Laura - my debut novel was originally over 100,000 words. It's now trimmed to 78000. I also use six points of view and I'm considering trying a rewrite with less points of view. But I kinda like it the way it is.

  4. me too! I have to do a full sweep of the word "was" But my eye is getting better at catching myself on draft two. It does make a difference.

  5. Ha! Great repost. I think the trick is to write something interesting enough that no one notices all the rules that have been violated. :P

    Nice to meet you.

  6. I think it takes a majorly awesome concept and a page-turning story. Rules will be cast aside for that.

  7. I try to pay attention to the rules, but I think some are purely trends. The specific rule you listed forces me to use active verbs, so I think it's valuable. Those bestselling writers don't have to worry about editors and agents looking for flaws. Lol

  8. Margo, this is an amazing repost. I've been thinking about this a lot lately. I'm so conscious of adverbs and dialogue tags other than "said" in my writing, but I see them used liberally in bestsellers and other well-liked books. I think in the end that it's best to ignore rules and just write, because that's the most genuine way to put your words on paper. The editing is only secondary.

  9. oh great re-post! I think 'to be' verbs are fine, even necessary sometimes. The trick is getting rid of them where appropriate and keeping them where needed :)

    The Girl With The Dragon Tattoo had tons of those verbs, too, and boy wouldn't I like sales like that!

  10. Just hopped over for Deja Vu fest and totally agree w/you. I hate the idea that we have to cut ALL adverbs, state-of-being verbs and other things that aren't TRENDY at the time. I love reading the classics, and they certainly break all those rules, yet are intense and valuable reads nonetheless. To the extent we can (and still get published!), I think writers have to make their own rules. Hope you can check out my blog! (#33).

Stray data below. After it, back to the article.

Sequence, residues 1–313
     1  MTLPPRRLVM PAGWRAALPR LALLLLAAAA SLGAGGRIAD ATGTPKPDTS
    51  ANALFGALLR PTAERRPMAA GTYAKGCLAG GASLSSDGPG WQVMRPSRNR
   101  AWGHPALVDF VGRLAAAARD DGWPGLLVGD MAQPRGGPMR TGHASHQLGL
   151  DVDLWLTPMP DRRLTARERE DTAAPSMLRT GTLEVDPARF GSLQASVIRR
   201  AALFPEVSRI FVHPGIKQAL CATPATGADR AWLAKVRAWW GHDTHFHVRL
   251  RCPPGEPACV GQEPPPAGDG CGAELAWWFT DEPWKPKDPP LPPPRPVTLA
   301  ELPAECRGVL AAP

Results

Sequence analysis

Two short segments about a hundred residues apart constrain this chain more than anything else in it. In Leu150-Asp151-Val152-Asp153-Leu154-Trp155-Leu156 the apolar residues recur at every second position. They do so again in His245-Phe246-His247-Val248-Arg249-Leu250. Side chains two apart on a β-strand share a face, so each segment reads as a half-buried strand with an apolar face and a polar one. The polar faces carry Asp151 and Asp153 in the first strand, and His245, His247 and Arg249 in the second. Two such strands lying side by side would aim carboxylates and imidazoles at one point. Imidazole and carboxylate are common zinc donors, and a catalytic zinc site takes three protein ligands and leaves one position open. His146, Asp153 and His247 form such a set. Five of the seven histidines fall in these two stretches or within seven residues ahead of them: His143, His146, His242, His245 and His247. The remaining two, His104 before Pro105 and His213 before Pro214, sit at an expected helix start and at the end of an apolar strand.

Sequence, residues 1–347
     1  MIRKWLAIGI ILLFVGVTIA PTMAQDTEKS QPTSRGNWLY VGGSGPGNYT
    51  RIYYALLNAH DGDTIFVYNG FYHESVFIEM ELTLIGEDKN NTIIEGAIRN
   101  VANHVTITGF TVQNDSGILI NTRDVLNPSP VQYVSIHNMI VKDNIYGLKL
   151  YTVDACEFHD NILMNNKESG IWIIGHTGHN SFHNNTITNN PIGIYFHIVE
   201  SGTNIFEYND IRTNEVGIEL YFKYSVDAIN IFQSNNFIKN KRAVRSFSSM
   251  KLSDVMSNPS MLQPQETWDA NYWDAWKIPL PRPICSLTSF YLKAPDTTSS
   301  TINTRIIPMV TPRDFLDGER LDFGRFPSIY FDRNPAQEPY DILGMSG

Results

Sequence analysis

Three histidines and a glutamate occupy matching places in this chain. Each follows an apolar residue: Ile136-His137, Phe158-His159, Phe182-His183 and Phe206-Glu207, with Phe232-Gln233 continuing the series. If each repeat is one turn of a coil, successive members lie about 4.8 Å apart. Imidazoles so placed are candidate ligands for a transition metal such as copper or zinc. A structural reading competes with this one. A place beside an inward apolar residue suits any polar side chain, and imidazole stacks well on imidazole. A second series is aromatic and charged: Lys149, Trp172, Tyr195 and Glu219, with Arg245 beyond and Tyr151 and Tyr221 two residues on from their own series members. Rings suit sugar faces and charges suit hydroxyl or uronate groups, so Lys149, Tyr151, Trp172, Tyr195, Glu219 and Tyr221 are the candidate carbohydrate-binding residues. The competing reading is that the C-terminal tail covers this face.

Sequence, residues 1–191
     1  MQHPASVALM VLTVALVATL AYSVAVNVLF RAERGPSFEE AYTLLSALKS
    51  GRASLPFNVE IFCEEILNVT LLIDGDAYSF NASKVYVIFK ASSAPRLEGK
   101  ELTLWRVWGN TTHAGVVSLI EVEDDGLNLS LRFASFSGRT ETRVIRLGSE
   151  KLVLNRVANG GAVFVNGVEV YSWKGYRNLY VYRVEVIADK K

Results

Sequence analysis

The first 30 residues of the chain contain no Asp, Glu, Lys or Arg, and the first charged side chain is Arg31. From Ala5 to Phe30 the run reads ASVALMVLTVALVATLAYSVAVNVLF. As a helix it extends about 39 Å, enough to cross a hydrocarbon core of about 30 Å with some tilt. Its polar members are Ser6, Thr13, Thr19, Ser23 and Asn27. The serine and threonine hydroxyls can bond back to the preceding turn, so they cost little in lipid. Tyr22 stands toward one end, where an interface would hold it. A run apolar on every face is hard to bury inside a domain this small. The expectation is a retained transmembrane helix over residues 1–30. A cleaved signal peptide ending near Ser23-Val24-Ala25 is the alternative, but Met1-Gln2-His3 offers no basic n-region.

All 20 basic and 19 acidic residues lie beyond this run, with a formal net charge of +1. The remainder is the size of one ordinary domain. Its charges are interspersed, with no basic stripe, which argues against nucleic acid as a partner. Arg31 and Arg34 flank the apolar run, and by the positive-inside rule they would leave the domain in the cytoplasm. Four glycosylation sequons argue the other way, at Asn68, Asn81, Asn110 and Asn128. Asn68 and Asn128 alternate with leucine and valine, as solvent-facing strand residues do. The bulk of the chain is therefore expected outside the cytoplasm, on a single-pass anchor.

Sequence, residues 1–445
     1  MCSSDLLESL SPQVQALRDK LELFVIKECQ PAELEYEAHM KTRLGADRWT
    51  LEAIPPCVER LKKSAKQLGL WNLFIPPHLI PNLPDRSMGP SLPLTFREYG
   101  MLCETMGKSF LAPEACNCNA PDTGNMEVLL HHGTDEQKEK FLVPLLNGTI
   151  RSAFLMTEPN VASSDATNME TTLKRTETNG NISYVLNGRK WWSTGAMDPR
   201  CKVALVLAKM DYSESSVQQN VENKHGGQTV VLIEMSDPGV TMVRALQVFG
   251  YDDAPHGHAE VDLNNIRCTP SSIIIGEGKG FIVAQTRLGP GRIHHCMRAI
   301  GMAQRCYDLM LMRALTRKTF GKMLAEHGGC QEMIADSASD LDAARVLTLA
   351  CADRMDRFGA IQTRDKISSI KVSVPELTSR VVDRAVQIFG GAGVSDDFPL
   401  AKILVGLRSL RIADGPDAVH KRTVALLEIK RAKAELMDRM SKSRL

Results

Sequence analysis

11. My writing is very basic yet my firt book sold very well. I think I follow my own rules in how I write.

    Thank you for your visit and lovely comment much appreciated.


  12. Nice to meet you, Margo (I'm 158). I think concept and pacing are higher priority than sentence structure. So it's not that verbs don't matter, but that getting too hung up on that technicality can hamstring you creatively. By all means make your verbs strong in late drafts--just don't make it the be-all, end-all.

  13. Wow. Proof that the rules are broken all the time.

    When well used, "to be" variations blend in and work just fine. Maybe a more appropriate rule is (oh look, an "is") "be aware when you're using to-be verbs and use them well"

    Great research!

  14. Hi,

    Rules? I've yet to read a best-selling book that hasn't/doesn't break every known rule all newbie writers' fear falling foul of... ;) I break'em as and when the fancy takes me! ;)


  15. Congrats on getting an agent (saw that first), love your post for the blogfest and totally agree that rules can be random.